Issue 5 Coming Up!

We are very excited to announce that from now on the European Journal for Theatre and Performance will be published twice a year.

Our Essay Section will from now on alternate between a themed one and an open one. Next issue no. 5 will present scholarly work around such different topics as the use of the mask in Giorgio Strehler’s Il servitore di due padroni; the uncomfortable memory of Germany’s Nazi past in conjunction with the colonial construction of human zoos in Oliver Frljić production of Kafka’s Ein Bericht für eine Akademie; the understanding of how images work as instruments of transmission of memory, starting from the pictures of Isadora Duncan; and the complex question of the construction of history, as Walid Raad demonstrates in his performances around the wars in Lebanon and the Middle East. A common thread, although not originally intended, is the crossroads between memory, the body, and the archive. The urge for searching and understanding ‘performance remains’ (Schneider) has only grown in recent years, not only in theatre and performance practices all over the world but also in scholarship.

From this issue on our Artist in Focus section will also alternate with our Scholar in Focus. In 2022, EASTAP nominated the American researcher, theatre director, and author Richard Schechner as an Associate Scholar. We asked Schechner to provide an inside perspective on his research and working process, to give us a glimpse of the work that lies beneath the surface of the printed page. We publish two essays: with ‘Postpone the Great Game’ Schechner opened the EASTAP’s fifth congress on 23 May 2022. The second essay ‘The Crash of Performative Circumstances dates back from 1981 and forms an interesting diptych with ‘Postpone the Great Game’. The essay is more than forty years old, but it reads like a contemporary manifesto. The two essays are further accompanied by a selection of (auto)biographical texts: four poems; a 1978 notebook entry about India; and an excerpt from A Yeers Worth, a piece of ‘non-fiction fiction’, as Schechner describes it himself. In addition to the textual material, this Scholar in Focus section also offers a portfolio from Schechner’s personal archive: a range of diagrams that support his reflections; some photographs from his time in South Asia; and a few drawings that serve as observations of what moves around him.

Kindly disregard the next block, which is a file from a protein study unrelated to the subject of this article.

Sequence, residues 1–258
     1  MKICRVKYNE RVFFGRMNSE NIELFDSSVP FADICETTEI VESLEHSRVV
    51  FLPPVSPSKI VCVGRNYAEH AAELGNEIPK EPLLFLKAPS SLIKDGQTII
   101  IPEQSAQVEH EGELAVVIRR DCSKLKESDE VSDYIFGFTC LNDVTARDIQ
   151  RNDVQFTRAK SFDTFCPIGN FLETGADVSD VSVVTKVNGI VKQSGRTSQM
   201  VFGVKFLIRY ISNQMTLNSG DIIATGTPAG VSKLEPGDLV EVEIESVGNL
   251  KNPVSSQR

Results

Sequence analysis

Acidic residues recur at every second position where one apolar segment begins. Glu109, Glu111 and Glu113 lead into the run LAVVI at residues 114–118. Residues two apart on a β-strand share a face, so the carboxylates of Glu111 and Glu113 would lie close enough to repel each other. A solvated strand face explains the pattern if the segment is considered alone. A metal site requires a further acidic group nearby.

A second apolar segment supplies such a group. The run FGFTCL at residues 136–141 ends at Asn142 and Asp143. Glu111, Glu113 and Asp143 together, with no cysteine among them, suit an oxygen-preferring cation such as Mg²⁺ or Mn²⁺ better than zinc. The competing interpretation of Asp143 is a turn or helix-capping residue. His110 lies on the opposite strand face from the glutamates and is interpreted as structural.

From the Archives Section deals with censorship in Portuguese theatre during the long period of dictatorship (1926-1974). Central is the Teatro Experimental de Cascais: most of their performances were supervised by specific services of the regime (National Propaganda Secretariat) and controlled not only on the level of texts but also of performances. Nonetheless Teatro Experimental de Cascais succeeded in presenting daring shows as Jack Gelber’s The Apple, Arrabal’s Fando and Lis and Genet’s The Maids. As always, this section is presented alongside many traces from the archives (letters, reports and pictures.)

In the Book Review Section, we review two books which shed a new light on recent European theatre history: G. A.E. Curtis’ New Drama in Russian: Performance, Politics and Protest in Russia, Ukraine and Bellarus; and George Banu’s Les récits d’Horatio. Portraits et aveux des maîtres du théâtre européen.

Issue 5 will be published here by the end of January 2023. So stay tuned!